The Arizona football team begins its 2013 season against Northern Arizona at Arizona Stadium on Aug. 30, which is 68 days away. From now until then, this Web site will count down the days with facts about the Wildcats, their players, coaching staff and opponents. This is not a ranking, only a list of 100 facts and observances related to the 2013 Arizona football team and coach Rich Rodriguez.
For an incredible span of 32 years from when Arizona joined the Pac-10 in 1978, Tedy Bruschi was the only defensive end from Arizona to be chosen a first-team all-conference player.
Brooks Reed, a Tucsonan who watched Bruschi and the Desert Swarm defense play when he was in elementary school, became the second UA defensive end to achieve the honor in 2010.
Bruschi’s three consecutive All-Pac-10 selections from 1993-95 was at the height of the Desert Swarm. The defense was at its finest in 1993 when opponents rushed 368 times for only 331 yards (30.1 yards per game). The Wildcats recovered 20 fumbles. They shut out Miami in the Fiesta Bowl 29-0. The Hurricanes crossed midfield only four times.
Bruschi had 19 sacks in 1993. After standout defensive-end bookends Reed and Ricky Elmore departed Arizona in 2010, the Wildcats recorded only 10 sacks in 2011 and 16 last season.
The Desert Swarm defense included nose guard/defensive tackle Rob Waldrop, safety Tony Bouie, cornerbacks Brandon Sanders and Keshon Johnson, linebackers Sean Harris, Richard Maddox and Brant Boyer, and defensive tackles Ty Parten and Jim Hoffman.
Unsung Jimmie Hopkins was Arizona’s other defensive end during the Desert Swarm years. His teammates would tell you he was as valuable as Bruschi as an inspirational player.
That’s high praise considering Bruschi and nose guard Dana Wells (1985-88) are the most decorated defensive players in the Pac-10/12 era to attend Arizona. Bruschi, a consensus All-American in 1995, shares the NCAA record of 52 sacks with Alabama’s Derrick Thomas.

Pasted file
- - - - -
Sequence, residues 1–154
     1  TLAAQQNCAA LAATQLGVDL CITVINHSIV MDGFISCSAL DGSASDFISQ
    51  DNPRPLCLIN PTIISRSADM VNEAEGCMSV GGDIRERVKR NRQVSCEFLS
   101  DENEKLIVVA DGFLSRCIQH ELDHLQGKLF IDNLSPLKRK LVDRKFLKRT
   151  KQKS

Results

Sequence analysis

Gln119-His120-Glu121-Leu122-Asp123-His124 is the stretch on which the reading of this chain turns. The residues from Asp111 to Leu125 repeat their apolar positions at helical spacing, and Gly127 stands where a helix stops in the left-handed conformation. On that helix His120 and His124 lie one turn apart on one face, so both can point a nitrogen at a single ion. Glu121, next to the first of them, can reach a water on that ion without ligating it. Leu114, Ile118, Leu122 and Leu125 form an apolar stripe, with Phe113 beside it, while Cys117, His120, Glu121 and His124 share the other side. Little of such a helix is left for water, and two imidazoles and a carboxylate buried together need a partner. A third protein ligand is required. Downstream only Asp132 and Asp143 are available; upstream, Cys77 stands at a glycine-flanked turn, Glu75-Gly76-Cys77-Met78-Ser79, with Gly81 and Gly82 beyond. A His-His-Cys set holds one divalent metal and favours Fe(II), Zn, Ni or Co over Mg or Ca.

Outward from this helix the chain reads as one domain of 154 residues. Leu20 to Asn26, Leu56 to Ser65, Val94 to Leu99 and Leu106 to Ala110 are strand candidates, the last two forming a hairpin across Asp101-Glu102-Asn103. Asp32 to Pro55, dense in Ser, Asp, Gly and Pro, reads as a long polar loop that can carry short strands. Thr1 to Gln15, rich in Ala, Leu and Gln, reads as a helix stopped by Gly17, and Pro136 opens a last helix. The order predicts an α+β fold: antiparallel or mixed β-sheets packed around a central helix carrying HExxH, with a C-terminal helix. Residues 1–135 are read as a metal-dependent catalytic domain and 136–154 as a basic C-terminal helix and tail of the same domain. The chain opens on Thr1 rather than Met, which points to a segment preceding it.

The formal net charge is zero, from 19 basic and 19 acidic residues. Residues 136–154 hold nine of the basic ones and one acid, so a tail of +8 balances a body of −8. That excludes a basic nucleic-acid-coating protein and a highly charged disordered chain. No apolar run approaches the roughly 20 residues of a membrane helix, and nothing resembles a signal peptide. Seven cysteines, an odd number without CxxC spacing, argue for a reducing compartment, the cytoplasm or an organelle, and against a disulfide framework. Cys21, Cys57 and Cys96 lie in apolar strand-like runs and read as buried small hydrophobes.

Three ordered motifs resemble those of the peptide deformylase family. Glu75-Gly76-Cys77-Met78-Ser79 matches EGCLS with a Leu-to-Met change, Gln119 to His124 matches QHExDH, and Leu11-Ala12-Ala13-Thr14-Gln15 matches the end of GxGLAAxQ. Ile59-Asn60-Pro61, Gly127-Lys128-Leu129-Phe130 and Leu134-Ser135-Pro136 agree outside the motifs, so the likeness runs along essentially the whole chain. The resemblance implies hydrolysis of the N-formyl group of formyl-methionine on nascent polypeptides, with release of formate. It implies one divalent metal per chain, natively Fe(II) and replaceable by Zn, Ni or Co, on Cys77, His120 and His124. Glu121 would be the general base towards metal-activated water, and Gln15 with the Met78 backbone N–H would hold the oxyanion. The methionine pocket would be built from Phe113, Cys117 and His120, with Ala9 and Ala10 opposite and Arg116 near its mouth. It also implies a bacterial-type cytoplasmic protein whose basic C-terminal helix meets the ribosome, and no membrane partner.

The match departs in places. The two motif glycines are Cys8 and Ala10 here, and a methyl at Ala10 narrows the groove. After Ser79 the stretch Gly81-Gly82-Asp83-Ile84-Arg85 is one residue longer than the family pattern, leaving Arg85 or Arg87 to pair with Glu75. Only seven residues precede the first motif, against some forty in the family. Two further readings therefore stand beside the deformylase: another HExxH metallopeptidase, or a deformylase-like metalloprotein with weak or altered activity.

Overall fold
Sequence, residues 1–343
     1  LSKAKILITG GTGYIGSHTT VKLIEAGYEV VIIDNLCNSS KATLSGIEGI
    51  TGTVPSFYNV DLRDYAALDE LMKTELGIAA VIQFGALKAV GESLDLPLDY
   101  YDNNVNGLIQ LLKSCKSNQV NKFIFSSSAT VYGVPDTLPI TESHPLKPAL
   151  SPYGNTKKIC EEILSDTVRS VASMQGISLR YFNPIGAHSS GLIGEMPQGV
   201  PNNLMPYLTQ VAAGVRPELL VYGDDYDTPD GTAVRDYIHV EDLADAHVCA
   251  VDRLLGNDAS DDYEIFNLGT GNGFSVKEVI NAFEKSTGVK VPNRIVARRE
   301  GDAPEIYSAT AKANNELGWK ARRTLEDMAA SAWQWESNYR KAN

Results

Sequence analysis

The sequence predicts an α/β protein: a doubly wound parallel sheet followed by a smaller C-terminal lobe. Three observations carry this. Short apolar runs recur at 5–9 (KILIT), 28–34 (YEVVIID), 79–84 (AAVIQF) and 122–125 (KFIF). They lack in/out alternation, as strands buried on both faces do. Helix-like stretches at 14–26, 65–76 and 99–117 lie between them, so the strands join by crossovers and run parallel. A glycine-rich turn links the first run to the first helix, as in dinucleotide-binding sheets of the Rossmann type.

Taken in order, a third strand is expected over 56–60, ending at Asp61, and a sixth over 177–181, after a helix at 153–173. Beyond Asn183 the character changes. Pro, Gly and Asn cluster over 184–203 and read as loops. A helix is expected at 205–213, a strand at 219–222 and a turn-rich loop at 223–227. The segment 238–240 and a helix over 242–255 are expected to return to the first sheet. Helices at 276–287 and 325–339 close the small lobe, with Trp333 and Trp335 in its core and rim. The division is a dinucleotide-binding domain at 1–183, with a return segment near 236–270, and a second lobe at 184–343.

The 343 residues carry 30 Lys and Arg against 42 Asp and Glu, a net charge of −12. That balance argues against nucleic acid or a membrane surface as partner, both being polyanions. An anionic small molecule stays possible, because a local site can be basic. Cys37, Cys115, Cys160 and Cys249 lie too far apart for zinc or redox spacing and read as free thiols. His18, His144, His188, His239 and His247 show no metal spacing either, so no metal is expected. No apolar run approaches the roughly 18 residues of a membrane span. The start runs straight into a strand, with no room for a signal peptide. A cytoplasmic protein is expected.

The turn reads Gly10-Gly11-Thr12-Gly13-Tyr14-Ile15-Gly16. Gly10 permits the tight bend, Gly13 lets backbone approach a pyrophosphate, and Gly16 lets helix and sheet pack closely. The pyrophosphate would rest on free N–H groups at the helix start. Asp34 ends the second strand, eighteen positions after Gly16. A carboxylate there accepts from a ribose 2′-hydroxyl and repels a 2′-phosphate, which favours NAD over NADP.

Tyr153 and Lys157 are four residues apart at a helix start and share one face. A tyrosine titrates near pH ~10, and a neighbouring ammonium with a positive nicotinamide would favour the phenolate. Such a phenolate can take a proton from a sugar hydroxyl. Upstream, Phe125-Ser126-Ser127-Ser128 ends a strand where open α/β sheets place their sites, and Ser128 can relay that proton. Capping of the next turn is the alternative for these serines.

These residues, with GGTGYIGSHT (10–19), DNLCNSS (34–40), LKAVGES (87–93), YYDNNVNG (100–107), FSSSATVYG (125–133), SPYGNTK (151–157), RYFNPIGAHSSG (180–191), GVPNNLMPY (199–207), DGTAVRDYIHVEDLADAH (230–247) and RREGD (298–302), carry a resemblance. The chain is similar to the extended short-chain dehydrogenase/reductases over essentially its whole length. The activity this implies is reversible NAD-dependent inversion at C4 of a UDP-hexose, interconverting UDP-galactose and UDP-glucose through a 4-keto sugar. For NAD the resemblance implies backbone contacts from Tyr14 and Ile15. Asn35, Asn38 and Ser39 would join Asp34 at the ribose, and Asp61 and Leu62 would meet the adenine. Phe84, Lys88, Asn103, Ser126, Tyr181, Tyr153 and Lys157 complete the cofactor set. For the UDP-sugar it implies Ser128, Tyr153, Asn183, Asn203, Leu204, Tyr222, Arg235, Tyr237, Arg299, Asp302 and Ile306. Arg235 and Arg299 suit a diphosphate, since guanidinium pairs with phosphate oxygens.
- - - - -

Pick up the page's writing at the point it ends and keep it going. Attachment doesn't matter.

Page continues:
Few Wildcats have led the NCAA in career marks. Those who come to mind include Leah Braatz (1994-98) and Laura Espinoza (1992-95) atop the NCAA softball home run list with 85 before UCLA’s Stacey Nuveman had 90 from 1997-2002. Sean Elliott became the Pac-10’s career scoring leader — since passed by UCLA’s Don MacLean — but he is not among the NCAA’s top 25 career scoring leaders.
Bruschi joined Waldrop, safety Chuck Cecil and linebacker Ricky Hunley as College Football Hall of Fame inductees in last month.
Although Bruschi was the only Arizona defensive end chosen a first-team conference player from 1978 to 2009, the Wildcats had solid performers in that span such as Joe Tafoya, Copeland Bryan, Louis Holmes, Mike Szlauko, Idris Haroon, Marcus Smith and Jason Parker.
Tafoya, who played from 1997-2000, is the best of this group. He recorded a team-high 10 sacks in 1999 and six in 2000. He is fourth on the UA career sack list with 24.5 sacks. Bruschi and Elmore (25.5 sacks) are the top two with defensive tackle David Wood (1981-84) third with 25.
Elmore was a second-team all-conference selection in 2010 when Reed was chosen first team. Reed, a Sabino High School graduate, is the first Tucsonan listed on this site’s All-Time All-Pac-10/12 Defensive Team.
A four-year letterman who started 34 games for the Wildcats, Reed finished with a career-best 47 tackles in 2010, including 6.5 sacks among 10 tackles for loss, plus two pass breakups and a forced fumble. He had 114 career tackles at Arizona and 17 career sacks.
With this being Day No. 68 on the countdown to the 2013 season, the best to wear that number for the Wildcats is Bruschi.
WILDABOUTAZCATS.net publisher, writer and editor Javier Morales is a former Arizona Press Club award winner. He also writes blogs for Lindy’s College Sports, TucsonCitizen.com and Sports Illustrated-sponsored site ZonaZealots.com.